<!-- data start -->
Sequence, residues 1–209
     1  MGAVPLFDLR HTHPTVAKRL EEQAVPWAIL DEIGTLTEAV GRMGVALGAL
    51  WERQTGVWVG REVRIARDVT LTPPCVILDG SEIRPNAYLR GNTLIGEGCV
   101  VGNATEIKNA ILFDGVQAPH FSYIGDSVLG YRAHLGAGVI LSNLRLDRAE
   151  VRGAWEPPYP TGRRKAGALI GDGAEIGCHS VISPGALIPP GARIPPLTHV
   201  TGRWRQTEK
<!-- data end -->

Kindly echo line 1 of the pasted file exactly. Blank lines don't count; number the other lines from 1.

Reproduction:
Sequence, residues 1–209